The Israeli view of the Palestinian national movement is that it has no real historical roots and was born as a rejection of the Jewish state, in using force and galvanizing the Arab world to get rid of Israel. Golda Meir even said that “there is no Palestinian people.” We see ourselves as the Children of Israel, with our freedom born with the Exodus from Egypt, with Jerusalem as the heart of our nation and Hebrew the language of our forefathers. This gives us the right to see in the land our legitimate homeland.

The two historical narratives clash in the most existential manner. If this chasm of views persists, the definition and realization of common interests will become impossible and mutual mistrust will ruin any horizon of peace.

The two historical narratives can, however, coexist in parallel, as they constitute the authentic cultural and religious views of each people. And beyond that, for the sake of coexistence, both sides have to stop delegitimizing the narrative of the other.

The Palestinians do not have to see David Ben-Gurion as a successor of King David, and Israelis don’t have to see the ascent of Prophet Muhammad to heaven from Jerusalem as having a bearing on the Palestinian national existence. But both sides need to at least understand what the other sides’ view is. The sides must stop seeing the two narratives as mutually exclusive. It is not a zero-sum game. Both nationalisms are legitimate as long as they do not delegitimize the other.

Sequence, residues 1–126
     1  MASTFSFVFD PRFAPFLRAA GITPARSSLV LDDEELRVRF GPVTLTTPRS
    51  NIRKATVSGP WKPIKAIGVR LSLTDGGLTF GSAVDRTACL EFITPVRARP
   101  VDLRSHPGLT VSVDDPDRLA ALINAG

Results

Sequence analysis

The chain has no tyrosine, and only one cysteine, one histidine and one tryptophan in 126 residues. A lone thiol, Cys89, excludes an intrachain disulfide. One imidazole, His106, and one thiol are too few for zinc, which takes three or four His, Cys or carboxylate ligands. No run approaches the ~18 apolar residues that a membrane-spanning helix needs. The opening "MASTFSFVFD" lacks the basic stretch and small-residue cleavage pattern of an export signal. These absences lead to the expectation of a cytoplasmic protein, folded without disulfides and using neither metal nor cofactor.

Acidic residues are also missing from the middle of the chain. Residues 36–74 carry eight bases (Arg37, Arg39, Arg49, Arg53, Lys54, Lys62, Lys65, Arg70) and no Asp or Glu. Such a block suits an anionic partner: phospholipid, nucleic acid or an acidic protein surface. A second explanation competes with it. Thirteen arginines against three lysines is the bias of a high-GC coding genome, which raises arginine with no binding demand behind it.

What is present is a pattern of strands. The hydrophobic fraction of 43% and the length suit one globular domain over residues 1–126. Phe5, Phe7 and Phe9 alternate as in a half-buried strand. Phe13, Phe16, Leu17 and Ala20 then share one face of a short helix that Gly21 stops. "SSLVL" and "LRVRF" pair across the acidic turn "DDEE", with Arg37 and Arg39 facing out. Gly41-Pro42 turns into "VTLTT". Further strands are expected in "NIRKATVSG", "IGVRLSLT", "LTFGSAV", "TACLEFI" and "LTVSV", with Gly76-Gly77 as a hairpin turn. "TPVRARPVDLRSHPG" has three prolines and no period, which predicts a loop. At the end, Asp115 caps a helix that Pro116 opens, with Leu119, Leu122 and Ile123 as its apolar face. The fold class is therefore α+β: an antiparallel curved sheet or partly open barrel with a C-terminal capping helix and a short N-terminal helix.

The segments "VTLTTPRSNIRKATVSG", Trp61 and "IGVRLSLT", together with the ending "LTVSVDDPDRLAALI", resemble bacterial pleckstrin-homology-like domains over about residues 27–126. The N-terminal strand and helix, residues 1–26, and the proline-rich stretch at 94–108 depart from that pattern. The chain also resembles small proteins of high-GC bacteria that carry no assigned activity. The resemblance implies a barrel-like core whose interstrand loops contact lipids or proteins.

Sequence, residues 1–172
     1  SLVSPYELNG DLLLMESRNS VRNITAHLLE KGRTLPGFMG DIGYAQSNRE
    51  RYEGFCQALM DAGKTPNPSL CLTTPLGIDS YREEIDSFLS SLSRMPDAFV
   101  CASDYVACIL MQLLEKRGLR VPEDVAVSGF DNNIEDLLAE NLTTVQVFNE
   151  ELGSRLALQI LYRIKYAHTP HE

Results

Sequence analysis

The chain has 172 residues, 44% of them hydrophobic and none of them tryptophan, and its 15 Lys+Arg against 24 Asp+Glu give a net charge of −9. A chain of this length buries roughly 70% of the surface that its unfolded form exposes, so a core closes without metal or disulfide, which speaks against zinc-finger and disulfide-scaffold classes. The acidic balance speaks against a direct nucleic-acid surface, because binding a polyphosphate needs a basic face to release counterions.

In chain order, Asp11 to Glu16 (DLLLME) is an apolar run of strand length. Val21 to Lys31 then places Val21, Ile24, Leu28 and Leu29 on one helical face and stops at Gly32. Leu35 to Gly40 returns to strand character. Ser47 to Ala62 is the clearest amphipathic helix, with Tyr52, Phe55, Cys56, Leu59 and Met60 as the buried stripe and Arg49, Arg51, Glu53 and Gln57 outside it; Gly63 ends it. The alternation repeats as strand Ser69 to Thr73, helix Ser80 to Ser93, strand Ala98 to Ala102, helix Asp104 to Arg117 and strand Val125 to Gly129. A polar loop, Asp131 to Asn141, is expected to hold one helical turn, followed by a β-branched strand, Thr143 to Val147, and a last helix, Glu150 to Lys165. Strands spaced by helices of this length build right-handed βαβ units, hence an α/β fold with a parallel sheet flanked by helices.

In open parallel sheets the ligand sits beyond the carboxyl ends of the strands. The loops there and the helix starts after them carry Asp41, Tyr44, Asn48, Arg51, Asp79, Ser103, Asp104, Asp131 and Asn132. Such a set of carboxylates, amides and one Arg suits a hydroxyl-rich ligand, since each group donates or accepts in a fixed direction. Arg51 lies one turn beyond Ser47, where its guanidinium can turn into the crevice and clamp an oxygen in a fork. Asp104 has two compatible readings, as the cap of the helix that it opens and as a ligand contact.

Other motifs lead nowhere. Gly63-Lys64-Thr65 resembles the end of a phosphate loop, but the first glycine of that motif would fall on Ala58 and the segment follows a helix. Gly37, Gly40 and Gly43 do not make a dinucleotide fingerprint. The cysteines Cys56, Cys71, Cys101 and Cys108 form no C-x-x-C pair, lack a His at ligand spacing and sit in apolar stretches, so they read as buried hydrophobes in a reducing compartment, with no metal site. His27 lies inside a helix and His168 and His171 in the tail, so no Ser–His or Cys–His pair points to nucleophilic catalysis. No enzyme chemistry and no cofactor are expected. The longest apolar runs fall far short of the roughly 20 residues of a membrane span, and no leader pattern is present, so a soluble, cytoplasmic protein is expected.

It is not a debate about historical accuracy.

Each side is entitled to its view of the past. In any case, the past cannot be changed.

The same way one respects differences in culture, language, habits, political structure, etc., one needs to respect the difference in narratives and the rights of each side to hold to its fundamental historical beliefs. Palestinians cannot become Zionists, but can understand that Zionism is a legitimate national movement. Israelis will not join the PLO , but can understand that the Palestinian national movement is legitimate.

This mutual respect for narratives is highly important, as the hostile view of the other side’s narrative leads to a twisting of the other side’s current intentions – from misguided nationalism to permanent aggression – and conflict resolution becomes impossible.

With the prevalent views – where in Palestinian eyes virtually every Israeli is a colonist settler or an occupying soldier intending to kill the Palestinian desire for a homeland, and in the Israeli eyes, every Palestinian is an anti-Semitic terrorist out to annihilate Israel – there is no chance for peaceful coexistence.